A Japanese pergola is a great addition to any garden. But why would an average western family be interested in an Asian garden item?
For someone interested in creating a Japanese garden at home this fits perfectly. However, not everyone wants to take their home garden that far. This type of pergola can create serenity within any garden style you choose.
Japanese pergolas are often used as an entranceway to the garden, signifying that this garden space is somehow different and special. A pergola of this nature brings a sacredness and dignity to any garden, whether it be western or Asian-styled.
Some pergolas have a roof on them that is usually open. Vines, such as wisteria, are often grown up the poles to create a deep green canopy.
In general, Japanese pergolas should not be confused with a Shinto Torii gate. These usually consist of two side poles and one or two cross poles on top. This religious item is not really associated with a Japanese garden, as is often misunderstood in the west. Gates are used, but they are often shingled and might have a door as well.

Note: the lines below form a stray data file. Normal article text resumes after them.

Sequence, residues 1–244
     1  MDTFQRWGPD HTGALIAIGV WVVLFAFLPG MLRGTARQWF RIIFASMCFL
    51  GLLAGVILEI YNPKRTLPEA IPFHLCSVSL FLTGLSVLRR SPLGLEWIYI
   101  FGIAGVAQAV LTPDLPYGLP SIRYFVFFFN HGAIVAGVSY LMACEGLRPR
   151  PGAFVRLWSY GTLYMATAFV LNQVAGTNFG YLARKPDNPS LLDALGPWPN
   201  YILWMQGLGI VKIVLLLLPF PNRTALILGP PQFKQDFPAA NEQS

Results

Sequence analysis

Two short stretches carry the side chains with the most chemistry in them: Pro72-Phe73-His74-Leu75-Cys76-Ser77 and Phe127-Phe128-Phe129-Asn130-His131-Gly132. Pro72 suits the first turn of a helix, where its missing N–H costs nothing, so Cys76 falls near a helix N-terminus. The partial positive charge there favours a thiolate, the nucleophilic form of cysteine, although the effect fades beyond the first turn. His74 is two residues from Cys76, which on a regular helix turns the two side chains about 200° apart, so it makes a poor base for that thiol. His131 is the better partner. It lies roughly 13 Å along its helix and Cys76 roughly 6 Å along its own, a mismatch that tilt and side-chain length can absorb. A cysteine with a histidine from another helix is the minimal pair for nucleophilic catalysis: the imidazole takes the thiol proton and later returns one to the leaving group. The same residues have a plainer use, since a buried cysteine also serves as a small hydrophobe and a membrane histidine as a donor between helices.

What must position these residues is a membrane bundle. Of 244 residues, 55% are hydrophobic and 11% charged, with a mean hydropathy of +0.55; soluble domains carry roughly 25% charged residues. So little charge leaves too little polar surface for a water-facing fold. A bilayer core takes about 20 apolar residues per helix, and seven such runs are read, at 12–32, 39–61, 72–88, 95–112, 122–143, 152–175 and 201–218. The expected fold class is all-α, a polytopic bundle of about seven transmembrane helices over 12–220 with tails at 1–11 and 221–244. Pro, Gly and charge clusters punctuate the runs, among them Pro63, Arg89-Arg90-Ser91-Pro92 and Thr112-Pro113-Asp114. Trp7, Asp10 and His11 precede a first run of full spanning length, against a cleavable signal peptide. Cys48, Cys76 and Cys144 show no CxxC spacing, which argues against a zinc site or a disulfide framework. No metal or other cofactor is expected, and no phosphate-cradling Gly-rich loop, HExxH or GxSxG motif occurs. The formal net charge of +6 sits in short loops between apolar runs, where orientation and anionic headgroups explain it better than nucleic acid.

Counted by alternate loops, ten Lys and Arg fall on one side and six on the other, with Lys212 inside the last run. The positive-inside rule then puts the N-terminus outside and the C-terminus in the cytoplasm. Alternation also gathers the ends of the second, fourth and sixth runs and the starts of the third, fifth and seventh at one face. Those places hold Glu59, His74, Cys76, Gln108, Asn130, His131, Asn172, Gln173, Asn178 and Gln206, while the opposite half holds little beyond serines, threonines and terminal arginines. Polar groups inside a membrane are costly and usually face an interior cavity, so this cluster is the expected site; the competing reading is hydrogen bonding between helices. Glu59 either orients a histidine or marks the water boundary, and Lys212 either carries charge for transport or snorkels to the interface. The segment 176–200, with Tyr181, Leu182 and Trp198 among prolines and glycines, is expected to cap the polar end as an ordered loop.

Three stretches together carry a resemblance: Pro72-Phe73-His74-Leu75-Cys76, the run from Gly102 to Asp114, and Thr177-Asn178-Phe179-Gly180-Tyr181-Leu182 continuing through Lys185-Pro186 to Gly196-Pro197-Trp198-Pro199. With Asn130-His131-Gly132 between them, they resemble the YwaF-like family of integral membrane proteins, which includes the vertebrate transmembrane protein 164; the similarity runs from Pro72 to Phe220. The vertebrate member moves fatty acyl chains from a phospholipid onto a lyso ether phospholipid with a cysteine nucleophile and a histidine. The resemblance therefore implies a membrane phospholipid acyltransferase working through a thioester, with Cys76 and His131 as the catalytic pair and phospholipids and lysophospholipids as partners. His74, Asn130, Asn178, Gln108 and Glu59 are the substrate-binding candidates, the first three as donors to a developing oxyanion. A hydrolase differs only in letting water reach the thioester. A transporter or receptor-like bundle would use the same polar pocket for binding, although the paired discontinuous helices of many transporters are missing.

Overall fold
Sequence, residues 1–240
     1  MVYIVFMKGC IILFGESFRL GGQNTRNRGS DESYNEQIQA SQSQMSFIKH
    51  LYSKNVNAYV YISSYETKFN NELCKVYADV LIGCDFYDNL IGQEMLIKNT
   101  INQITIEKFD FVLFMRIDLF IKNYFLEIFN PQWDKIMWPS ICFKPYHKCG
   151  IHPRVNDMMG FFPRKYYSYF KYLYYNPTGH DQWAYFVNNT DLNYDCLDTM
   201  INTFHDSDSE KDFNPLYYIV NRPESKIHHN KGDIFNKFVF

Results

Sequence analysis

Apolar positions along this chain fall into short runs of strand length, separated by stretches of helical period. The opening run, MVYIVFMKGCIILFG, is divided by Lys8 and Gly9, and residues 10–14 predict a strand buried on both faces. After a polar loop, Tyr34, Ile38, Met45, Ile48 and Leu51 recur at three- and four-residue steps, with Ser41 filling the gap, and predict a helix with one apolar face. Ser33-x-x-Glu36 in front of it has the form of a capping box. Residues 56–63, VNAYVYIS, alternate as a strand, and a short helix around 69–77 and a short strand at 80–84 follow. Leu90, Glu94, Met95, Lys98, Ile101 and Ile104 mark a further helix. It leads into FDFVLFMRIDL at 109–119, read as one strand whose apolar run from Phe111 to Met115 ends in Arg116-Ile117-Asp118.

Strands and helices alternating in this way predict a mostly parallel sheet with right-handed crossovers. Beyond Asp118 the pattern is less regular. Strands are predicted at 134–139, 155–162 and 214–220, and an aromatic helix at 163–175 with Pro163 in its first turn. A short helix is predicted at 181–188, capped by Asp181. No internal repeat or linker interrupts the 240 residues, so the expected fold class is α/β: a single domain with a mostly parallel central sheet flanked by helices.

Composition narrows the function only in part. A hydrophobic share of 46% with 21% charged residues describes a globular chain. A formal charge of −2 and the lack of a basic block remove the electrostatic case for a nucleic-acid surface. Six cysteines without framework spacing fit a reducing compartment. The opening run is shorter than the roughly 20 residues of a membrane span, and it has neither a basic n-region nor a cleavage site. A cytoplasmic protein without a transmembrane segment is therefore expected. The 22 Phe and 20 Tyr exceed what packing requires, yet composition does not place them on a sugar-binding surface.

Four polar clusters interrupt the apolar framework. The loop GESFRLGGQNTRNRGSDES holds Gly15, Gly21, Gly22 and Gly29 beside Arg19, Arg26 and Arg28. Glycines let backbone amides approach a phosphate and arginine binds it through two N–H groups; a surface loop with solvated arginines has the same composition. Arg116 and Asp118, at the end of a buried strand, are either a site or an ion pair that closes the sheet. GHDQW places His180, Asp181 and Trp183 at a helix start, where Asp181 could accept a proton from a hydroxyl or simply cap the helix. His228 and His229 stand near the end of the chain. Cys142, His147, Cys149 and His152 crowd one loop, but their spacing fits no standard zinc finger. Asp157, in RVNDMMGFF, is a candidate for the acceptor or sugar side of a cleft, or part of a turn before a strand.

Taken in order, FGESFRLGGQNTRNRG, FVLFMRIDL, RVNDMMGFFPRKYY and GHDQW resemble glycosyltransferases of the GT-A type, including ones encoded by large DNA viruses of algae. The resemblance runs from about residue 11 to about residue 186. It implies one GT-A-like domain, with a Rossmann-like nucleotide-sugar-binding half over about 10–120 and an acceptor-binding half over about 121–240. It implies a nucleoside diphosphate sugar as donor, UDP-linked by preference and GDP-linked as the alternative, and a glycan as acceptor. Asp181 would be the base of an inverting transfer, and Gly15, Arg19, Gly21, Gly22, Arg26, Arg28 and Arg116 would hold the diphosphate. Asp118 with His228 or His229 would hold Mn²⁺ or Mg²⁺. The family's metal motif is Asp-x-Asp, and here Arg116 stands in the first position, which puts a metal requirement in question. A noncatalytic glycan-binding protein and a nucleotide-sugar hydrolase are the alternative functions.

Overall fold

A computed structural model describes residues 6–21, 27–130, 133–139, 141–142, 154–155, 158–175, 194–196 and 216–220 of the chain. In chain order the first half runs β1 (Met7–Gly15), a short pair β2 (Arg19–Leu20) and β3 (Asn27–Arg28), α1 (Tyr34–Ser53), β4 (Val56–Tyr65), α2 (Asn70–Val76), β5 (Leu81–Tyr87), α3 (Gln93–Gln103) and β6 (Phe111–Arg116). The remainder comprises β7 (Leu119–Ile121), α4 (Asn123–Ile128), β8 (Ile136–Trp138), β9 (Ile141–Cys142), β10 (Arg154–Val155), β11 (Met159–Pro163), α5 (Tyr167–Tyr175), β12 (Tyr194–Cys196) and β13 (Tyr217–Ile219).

Pergolas can also make great additions to the house, as in an extended awning. They can also be much larger and have a patio underneath where you can relax in the shade. Whatever size you go with, aim for something that blends well with your garden. An air of exoticness and originality are great for your serene space, but don’t let it drift into gaudiness. Having other trees shrubs or rocks surrounding it will help it blend into the environment. A Japanese pergola in the middle of a large empty lawn will definitely stick out like a sore thumb.
Some pictures of garden ornaments and pergolas can be found at Japanese themed places like Grand Island Serene Gardens (http://www.grand-island-serene-gardens.com/japanese-garden-ornaments.html). These will help you guide you in your decision of what type and how large of a Japanese pergola is right for you.
Joshua M. Smith, Phd, is a scholar on Japanese culture, a professional shakuhachi bamboo flute player, and owner of [http://www.grand-island-serene-gardens.com]. He received his PhD from Osaka University in Cultural Sociology.